In a word, it was the opinion of many, that the axiom, "whatever is, is right," was subversive of all our received ideas. If it be true, said they, that whatever is, is right, it follows that human nature is not degenerated. If the general order requires that everything should be as it is, human nature has not been corrupted, and consequently could have had no occasion for a Redeemer. If this world, such as it is, be the best of systems possible, we have no room to hope for a happy future state. If the various evils by which man is overwhelmed, end in general good, all civilized nations have been wrong in endeavoring to trace out the origin of moral and physical evil. If a man devoured by wild beasts, causes the well-being of those beasts, and contributes to promote the orders of the universe; if the misfortunes of individuals are only the consequence of this general and necessary order, we are nothing more than wheels which serve to keep the great machine in motion; we are not more precious in the eyes of God, than the animals by whom we are devoured.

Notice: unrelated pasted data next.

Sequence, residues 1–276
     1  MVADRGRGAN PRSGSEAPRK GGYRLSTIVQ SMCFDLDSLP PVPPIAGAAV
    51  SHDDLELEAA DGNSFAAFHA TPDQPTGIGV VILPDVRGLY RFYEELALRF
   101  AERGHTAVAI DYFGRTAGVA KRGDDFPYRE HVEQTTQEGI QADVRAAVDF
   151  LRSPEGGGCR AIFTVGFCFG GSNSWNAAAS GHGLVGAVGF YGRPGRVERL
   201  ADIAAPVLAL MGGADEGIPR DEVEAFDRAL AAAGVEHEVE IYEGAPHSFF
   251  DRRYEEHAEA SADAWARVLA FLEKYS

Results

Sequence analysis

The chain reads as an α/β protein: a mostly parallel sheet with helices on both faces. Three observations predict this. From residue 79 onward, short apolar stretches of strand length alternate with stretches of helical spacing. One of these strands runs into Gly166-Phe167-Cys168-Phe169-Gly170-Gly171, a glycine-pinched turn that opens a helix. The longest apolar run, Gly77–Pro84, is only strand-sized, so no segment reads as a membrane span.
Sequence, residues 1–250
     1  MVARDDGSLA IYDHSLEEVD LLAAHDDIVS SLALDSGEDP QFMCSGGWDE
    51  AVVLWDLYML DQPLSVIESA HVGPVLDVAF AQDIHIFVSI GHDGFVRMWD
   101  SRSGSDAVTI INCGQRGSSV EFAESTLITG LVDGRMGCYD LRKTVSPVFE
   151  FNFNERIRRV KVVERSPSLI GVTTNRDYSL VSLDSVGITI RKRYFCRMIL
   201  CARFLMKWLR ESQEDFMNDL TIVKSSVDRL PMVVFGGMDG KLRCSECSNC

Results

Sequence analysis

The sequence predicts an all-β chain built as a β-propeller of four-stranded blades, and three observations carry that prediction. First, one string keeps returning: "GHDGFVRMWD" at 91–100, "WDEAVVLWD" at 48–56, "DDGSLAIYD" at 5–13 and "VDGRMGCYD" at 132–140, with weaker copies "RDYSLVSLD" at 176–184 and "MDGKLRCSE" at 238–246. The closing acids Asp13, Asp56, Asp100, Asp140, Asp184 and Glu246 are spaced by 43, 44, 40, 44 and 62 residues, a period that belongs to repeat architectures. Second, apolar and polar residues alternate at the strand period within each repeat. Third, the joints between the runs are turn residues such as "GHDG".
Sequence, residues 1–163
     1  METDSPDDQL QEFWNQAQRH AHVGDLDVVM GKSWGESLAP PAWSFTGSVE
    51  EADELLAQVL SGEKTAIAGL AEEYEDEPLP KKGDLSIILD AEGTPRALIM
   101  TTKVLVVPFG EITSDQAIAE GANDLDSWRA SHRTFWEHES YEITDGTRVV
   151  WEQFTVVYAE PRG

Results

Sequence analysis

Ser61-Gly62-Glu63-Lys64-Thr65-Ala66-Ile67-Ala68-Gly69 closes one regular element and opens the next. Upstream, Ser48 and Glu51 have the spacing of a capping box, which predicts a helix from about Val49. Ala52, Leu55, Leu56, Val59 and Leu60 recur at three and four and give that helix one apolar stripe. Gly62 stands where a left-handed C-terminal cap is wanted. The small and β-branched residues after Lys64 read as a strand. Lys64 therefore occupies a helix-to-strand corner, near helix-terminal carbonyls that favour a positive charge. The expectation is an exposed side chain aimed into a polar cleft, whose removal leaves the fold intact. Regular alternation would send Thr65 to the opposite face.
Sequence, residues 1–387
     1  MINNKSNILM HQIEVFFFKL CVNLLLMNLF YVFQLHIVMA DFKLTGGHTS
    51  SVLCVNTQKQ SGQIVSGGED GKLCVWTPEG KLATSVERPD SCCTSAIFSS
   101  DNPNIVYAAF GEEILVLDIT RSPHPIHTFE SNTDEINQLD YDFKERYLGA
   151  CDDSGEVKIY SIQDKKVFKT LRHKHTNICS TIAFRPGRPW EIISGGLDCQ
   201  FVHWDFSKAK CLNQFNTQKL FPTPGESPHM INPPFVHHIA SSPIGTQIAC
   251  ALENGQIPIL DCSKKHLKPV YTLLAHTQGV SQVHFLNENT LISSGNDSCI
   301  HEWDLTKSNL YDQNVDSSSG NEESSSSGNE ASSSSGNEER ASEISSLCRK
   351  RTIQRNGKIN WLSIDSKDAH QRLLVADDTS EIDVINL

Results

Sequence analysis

These are the inferences which were drawn from Mr. Pope's poem; and these very conclusions increased the sale and success of the work. But it should have been seen from another point of view. Readers should have considered the reverence for the Deity, the resignation to His supreme will, the useful morality, and the spirit of toleration, which breathe through this excellent poem. This the public has done, and the work being translated by men equal to the task, has completely triumphed over critics, though it turned on matters of so delicate a nature.

It is the nature of over violent censurers to give importance to the opinions which they attack. A book is railed at on account of its success, and a thousand errors are imputed to it. What is the consequence of this? Men, disgusted with these invectives, take for truths the very errors which these critics think they have discovered. Cavillers raise phantoms on purpose to combat them, and indignant readers embrace these very phantoms.

Critics have declared that Pope and Leibnitz maintain the doctrine of fatality; the partisans of Leibnitz and Pope have said on the other hand that, if Leibnitz and Pope have taught the doctrine of fatality, they were in the right, and all this invincible fatality we should believe.